Surprising Facts About Happiness

Jul 12, 09 • Family & Relationships
happy woman

Happy Woman


You’d be surprised how often the things we do actually make things worse, and how often things we think are unimportant have a huge impact.

By: Andrew J. Rosenthal

A wealth of research has been done over the past few years on happiness – why it’s so important to be happy, how to measure your own happiness and of course, how to improve your own happiness. Yet we’re all so busy on a day to day basis, that trying to focus on happiness can seem like a luxury.

It’s important to know why happiness is such a big deal. Here are a few proven by- products of happiness that just might surprise you!

•    It feels good. Perhaps this is the most obvious benefit: it feels better day-to-day if you’re happy than it does if you’re unhappy.  This benefit isn’t just psychological — happier people live better, and live longer.

•    Happier people do better in their jobs. A recent study found that happy people make more money and obtain better job performance reviews than do unhappy people.

•    Happier people are more creative. People who experience positive emotions on a regular basis are better at a wide variety of mental tasks that tap things like self-discipline, creativity, and decision-making.

•    Happier people are more resilient. People who are optimistic about the future, and about their ability to make an impact on their future, are better suited to persevere in the face of adversity and find opportunities for growth. It turns out that positive emotions are a key ingredient of resilience in the face of adversity.

•    Happier people have better relationships. Being happy makes people more interested in befriending you. When we are happy, we behave in certain ways that make people enjoy being around us more. The friends we already have will be more likely to stick with us when the chips are down if the chips aren’t always down.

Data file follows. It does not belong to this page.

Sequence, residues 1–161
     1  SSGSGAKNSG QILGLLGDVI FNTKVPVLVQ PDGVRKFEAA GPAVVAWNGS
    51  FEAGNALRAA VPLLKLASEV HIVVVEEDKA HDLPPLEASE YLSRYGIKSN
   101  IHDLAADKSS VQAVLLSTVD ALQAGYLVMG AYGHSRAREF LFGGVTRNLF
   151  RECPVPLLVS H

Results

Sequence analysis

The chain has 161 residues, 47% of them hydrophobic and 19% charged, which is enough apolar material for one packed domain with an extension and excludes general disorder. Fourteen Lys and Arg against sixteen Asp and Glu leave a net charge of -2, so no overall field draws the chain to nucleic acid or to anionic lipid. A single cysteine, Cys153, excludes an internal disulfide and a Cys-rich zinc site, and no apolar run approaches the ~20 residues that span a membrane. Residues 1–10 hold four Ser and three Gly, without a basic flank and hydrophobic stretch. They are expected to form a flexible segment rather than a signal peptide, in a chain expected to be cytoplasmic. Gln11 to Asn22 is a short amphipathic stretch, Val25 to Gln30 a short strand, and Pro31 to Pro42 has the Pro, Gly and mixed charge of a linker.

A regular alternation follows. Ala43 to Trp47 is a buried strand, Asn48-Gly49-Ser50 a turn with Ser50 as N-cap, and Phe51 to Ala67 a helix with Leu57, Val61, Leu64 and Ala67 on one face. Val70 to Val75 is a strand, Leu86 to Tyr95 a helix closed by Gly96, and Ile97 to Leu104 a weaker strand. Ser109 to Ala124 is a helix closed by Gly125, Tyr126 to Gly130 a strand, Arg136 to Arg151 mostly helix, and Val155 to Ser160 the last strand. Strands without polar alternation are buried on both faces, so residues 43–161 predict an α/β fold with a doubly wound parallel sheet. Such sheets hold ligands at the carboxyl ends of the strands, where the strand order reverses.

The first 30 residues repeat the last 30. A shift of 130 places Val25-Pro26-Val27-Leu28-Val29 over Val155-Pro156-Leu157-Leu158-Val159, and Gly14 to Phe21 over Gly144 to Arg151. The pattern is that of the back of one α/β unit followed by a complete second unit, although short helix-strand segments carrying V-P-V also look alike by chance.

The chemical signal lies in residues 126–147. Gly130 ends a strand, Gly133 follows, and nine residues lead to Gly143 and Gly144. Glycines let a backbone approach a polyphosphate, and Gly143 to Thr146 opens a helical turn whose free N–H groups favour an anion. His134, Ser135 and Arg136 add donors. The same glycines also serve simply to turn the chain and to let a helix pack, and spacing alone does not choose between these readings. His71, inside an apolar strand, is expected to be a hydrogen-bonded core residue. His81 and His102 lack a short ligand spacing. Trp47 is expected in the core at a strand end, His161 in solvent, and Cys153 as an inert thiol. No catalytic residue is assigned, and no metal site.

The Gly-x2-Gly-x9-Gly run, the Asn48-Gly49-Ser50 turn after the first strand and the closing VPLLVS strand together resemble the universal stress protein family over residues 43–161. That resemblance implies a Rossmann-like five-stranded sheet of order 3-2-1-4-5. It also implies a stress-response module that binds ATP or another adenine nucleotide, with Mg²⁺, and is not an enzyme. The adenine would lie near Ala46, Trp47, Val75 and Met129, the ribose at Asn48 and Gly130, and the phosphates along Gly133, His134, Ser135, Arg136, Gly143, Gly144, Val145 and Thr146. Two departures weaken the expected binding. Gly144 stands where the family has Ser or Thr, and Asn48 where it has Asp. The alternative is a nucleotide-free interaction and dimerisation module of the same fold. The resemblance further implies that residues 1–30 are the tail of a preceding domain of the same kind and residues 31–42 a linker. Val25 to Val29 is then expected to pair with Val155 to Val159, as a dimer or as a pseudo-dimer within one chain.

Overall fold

Most people tell us all this is great, but who has the time to work on being happier? These days we can barely make it to the gym, let alone add on a set of “happiness exercises.”  But there are easy, quick things we can do each day to become happier that take maybe five minutes, even less.

•    Do at least one thing per day completely.  By that, I mean, experience it fully, without going off into your head and thinking about what you need to do later, what you’re worried might happen, or whether whatever you are doing is a good use of your time.  Just do it, and savor it.  It can be anything – a meal, your shower, even a conversation – and you don’t have to plan it in advance.  What’s more important is that you pick something you usually rush through or do distractedly and instead be completely present while you are doing it.

•    Every night, reflect on the things that went well that day.  We have all sorts of cognitive biases that make it easy to forget good things, or let bad things overshadow them.  We have to work hard to keep them from disappearing from our memory altogether, and one of the quickest, easiest ways to do that is to set a specific time to remember (and maybe even record) them.  Happier.com has created an iPhone application called the “gratitude journal” that records your bright spots during the day and tracks your happiness “quotient”.  You can do it in just a few minutes a day.

•    Experiment with your daily routine.  Develop some ideas about what makes you happy and what makes you unhappy and see if you’re right.  Keep a log of what you do each day and what your mood is throughout the day, and see what factors make a difference.  You’d be surprised how often the things we do because we think they are helping us actually make things worse, and how often things we think are unimportant have a huge impact.

About the Author:

Andrew J. Rosenthal is a founder of happier.com,  a set of tools for measuring and increasing one’s happiness, backed by the science of positive psychology.  He works with leading researchers to “go beyond the books” and develop online exercises for happier.com.

Happier.com goes beyond the books and uses research-based tools to inspire people to feel happier and more resilient. Through assessments and exercises to measure, track and improve happiness, thousands of users have experienced a meaningful improvement. Easy-to-use applications, both online and for the iPhone, provide users with the tools they need to be happier.  Focusing on what goes well, and why, helps you build your life around authentic sources of happiness.

Photo: badboypp

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